As a native southerner, I often say I’m allergic to the cold. Until recently, I had no idea this was not only an actual condition, but one with life-threatening consequences. After learning about Cara Yacino’s journey to a cold urticaria diagnosis and the precautions she takes to control her risk of an allergic reaction, I’ll think twice before carelessly claiming a cold allergy.
According to the Weather Channel’s video that chronicles her allergy (below), Yacino began experiencing hives that she originally thought were due to a food allergy. The initial outbreak occurred while she was drinking a cold coffee drink. However, the hives manifested once more when Yacino put her hand in a cold shark and ray petting tank.
Ultimately, Yacino was diagnosed when her allergist performed an ice test. According to MayoClinic.com, this test involves an ice cube being placed on someone’s skin for a several minutes. If a hive is present once ice cube is removed, the person can be diagnosed with cold urticaria. Learn more about Cara’s journey here:
While the Mayo Clinic suggests the allergy typically subsides within a few weeks or months, sufferers are often prescribed antihistamines to ease the symptoms in the meantime. To help prevent allergy flare-ups, those with cold urticaria should dress warmly during the chilly winter months and layer clothes during the unpredictable temperatures that often occur during Spring and Fall. Limiting outdoor activities in cold temperatures is also helpful. Gloves and napkins can provide much-needed barriers between cold foods and beverages and exposed hands. Space heaters are ideal for providing supplemental heat to areas that might otherwise be cold enough to trigger an allergic reactions.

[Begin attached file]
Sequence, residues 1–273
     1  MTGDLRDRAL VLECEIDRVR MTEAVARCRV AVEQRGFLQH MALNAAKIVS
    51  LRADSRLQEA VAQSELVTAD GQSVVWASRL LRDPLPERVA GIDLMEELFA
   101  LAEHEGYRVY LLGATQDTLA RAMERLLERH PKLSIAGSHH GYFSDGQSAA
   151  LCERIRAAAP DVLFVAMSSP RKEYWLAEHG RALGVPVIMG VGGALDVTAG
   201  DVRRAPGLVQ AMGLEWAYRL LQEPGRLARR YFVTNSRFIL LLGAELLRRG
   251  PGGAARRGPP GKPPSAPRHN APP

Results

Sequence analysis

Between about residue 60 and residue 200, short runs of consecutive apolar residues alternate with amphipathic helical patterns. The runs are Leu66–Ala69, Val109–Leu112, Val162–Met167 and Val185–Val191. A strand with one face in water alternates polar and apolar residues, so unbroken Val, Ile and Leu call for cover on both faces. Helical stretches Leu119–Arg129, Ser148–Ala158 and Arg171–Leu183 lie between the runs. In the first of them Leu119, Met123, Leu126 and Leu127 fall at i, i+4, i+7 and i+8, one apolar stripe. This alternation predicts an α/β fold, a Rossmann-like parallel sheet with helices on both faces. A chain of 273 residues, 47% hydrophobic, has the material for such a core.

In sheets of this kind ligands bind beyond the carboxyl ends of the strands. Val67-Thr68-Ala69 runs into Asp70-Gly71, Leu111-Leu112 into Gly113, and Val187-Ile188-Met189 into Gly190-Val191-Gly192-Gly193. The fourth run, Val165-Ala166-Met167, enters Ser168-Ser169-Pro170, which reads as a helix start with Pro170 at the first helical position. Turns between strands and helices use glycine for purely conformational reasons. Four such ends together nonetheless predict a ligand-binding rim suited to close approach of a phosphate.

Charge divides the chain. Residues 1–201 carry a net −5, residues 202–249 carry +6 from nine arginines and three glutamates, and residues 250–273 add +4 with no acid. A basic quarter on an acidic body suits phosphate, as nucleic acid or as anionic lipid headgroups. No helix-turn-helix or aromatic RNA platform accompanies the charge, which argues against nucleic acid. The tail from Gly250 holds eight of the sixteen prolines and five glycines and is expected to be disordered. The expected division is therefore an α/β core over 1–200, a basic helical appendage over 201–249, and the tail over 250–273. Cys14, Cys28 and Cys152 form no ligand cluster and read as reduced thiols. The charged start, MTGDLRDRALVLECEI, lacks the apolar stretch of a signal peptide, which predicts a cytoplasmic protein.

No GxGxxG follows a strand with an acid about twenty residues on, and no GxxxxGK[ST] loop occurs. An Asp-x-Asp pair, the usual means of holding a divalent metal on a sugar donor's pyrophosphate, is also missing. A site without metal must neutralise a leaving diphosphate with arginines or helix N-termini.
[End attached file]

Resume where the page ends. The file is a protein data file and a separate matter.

Perhaps most importantly, people should recognize that cold urticaria is not a seasonal allergy. In fact, Yacino notes that she experienced a break-out while swimming in an 80-degree pool. Like food or pet allergies, cold urticaria requires that sufferers are ever-vigilant.
Want to learn more about cold urticaria? Check out The Weather Channel’s full article.
Have you been diagnosed with cold urticarial? We want to know how you manage your symptoms.